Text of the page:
John Hodgman

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Truth may be stranger than fiction, goes the old saw, but it is never as strange as lies. (Or, for that matter, as true.)

John Hodgman (born June 3, 1971) is an American humorist and author. He has written three books, The Areas of My Expertise, More Information Than You Require, and That Is All, and is a regular contributor to The Daily Show with Jon Stewart. Since 2010, he has his own comedy podcast Judge John Hodgman.

The Areas of My Expertise (2005)[edit]

  • Truth may be stranger than fiction, goes the old saw, but it is never as strange as lies. (Or, for that matter, as true.)
    • p. 18
  • Generally speaking, I think it is fair to say that I am a friend to the creatures of the earth when I am not busy eating them or wearing them.
    • p. 46
  • The silhouette was named for Etienne de Silhouette, the notoriously stingy finance minister for Louis XV, who ironically was himself incapable of casting a shadow, due to lycanthropy.
    • p. 76
  • There had been hoboes in the United States since there had been trains and liquor, which is to say, always.
    • p. 98
  • The geographic center of North America is historically located in Osborne County, Kansas. It is said that all armies will bow to the one who controls it.
    • p. 175

Appearances on The Daily Show with Jon Stewart[edit]

  • The decision to drop the atomic bomb - that wasn't Truman, but sweepstakes winner Penny Holkum of Palm Beach. And for that she received a case of Lucky Strikes and a lifetime supply of sadness.
    • April 25, 2006
  • You can't fight a war on terror if you're ending a sentence with a preposition.
    • April 25, 2006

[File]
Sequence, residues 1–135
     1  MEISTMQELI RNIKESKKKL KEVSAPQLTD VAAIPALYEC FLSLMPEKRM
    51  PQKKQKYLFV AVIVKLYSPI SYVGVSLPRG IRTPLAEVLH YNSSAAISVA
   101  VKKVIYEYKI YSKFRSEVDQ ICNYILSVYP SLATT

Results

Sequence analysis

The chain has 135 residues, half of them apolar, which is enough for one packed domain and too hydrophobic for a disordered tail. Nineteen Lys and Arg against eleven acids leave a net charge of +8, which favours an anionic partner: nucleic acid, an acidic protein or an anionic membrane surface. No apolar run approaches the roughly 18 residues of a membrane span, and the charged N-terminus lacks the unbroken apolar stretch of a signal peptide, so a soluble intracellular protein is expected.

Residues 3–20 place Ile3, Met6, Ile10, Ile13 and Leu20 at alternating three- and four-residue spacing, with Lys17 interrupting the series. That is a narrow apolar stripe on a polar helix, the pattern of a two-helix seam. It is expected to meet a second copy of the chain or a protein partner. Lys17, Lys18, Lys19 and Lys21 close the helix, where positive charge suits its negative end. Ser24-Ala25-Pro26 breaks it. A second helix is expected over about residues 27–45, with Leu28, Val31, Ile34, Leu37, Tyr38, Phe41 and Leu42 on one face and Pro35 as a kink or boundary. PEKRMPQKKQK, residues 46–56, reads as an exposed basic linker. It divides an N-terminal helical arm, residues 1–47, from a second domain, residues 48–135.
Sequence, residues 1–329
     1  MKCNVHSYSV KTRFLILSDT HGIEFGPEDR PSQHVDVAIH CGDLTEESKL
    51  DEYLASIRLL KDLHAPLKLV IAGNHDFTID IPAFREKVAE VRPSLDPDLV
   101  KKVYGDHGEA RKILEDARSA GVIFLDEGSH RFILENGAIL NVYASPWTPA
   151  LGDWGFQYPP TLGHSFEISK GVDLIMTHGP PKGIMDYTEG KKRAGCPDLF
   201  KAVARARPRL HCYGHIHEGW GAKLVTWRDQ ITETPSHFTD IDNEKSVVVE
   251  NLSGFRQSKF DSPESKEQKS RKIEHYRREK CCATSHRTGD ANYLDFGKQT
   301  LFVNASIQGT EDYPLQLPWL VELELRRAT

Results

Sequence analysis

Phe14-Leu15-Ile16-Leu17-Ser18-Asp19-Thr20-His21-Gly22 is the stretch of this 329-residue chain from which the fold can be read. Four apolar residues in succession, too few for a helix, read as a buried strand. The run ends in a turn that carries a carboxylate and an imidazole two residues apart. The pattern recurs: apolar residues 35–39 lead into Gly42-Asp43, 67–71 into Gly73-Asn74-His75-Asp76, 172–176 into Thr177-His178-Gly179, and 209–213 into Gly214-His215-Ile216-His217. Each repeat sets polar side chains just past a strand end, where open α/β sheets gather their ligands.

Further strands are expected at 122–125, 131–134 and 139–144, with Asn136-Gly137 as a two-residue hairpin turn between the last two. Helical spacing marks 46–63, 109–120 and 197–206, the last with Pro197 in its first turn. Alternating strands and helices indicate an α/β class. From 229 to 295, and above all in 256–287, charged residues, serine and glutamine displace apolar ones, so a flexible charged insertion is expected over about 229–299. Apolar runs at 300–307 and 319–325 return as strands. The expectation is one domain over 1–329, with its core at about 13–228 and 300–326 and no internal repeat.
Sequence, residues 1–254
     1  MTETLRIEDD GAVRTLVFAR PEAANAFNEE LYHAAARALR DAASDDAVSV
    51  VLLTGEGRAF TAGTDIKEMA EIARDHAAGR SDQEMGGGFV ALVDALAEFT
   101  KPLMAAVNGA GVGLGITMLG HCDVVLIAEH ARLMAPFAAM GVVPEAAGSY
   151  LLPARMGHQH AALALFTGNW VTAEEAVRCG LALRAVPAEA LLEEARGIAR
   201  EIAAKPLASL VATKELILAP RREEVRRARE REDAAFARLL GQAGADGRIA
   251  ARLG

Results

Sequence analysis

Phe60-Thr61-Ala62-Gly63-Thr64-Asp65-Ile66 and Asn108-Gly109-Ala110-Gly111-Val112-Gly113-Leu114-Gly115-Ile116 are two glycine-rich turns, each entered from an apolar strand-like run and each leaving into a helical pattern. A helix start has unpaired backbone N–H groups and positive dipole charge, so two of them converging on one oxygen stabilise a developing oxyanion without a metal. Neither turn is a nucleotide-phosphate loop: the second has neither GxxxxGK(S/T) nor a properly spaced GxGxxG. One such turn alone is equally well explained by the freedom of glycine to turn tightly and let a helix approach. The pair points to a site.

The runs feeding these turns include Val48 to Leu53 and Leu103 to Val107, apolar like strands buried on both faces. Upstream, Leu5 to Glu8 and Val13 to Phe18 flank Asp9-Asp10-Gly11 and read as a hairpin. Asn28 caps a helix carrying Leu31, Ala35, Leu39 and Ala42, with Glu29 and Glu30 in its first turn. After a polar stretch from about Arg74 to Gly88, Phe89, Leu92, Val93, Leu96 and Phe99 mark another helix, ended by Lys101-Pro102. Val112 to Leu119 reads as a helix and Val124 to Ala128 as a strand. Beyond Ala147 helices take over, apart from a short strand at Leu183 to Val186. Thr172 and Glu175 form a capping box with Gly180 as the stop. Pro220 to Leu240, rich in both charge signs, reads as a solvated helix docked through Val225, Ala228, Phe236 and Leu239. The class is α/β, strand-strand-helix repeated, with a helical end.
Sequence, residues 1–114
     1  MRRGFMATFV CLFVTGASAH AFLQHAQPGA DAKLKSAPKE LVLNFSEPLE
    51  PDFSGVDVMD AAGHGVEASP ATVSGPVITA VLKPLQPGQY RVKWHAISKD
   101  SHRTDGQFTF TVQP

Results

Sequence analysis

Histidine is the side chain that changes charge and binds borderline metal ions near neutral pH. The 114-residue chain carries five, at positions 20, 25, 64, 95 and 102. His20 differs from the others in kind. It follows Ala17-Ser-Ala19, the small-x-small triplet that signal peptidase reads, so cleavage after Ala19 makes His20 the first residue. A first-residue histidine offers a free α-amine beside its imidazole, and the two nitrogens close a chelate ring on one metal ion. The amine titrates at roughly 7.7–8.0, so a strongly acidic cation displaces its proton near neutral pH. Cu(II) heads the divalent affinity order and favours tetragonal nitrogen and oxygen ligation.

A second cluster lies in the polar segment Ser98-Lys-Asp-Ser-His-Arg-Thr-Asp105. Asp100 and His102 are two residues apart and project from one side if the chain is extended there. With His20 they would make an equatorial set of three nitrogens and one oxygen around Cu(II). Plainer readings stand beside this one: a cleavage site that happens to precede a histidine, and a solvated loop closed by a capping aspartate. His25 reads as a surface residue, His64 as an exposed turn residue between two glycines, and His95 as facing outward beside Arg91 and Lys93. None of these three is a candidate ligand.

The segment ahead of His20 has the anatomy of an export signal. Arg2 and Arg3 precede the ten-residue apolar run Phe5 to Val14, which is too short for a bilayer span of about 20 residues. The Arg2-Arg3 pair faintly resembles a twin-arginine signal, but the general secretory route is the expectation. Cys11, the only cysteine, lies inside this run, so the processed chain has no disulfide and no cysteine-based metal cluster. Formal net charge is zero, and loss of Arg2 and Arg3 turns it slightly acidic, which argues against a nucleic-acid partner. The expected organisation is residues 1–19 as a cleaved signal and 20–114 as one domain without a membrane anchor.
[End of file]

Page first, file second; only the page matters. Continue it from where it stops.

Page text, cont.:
• This pie chart represents the $70 billion in tax cuts, and the majority of that will go to people making over $200,000 a year. Or, as the government refers to them, "citizens."
    • May 17, 2006
  • If you make the smokestacks out of children, who will you force to clean them?
    • May 17, 2006
  • Look at Dick Cheney. Financially he's obscenely wealthy, but he's clearly unhappy. I wouldn't be surprised if he's visited by no less than three ghosts a night.
    • May 17, 2006
  • (on soccer) Americans don't need a metaphor for war. We have war.
    • June 8, 2006
  • Like most experts, I've always defined a planet in common-sense terms: Can you beam down to it? Is it populated by green-skinned women? Would Galactus eat it for food?
    • August 24, 2006
  • And parents, some old fashioned kitchen wisdom for dealing with those lice: take your child and cover his hair with mayonnaise and shove him outside because he disgraced your house by bringing lice into it.
    • September 13, 2006
  • Weathermen are the ponchoed buffoons who spend hurricanes outside, buffeted by winds, lashed by rains, struggling to stand erect. A mime's "walking against the wind" routine come horribly to life. Whereas meteorologists - we're the people who sent them out there.
    • September 30, 2006
  • What better emblem for our nation, after all, than a level playing field, shaped like an octagon, where people of diverse cultural ass-kicking traditions can meet as equals and immediately start kicking ass.
    • June 11, 2007
  • So long as you refuse to ever acknowledge failure, success becomes eternal, a downward curve, always approaching failure, but never quite reaching it.
    • September 11, 2007
  • Science is not science. It's an art, like... art, in a way.
    • October 18, 2007
  • For the first time in history, well-educated, affluent, white males are going to have their say.
    • April 17, 2008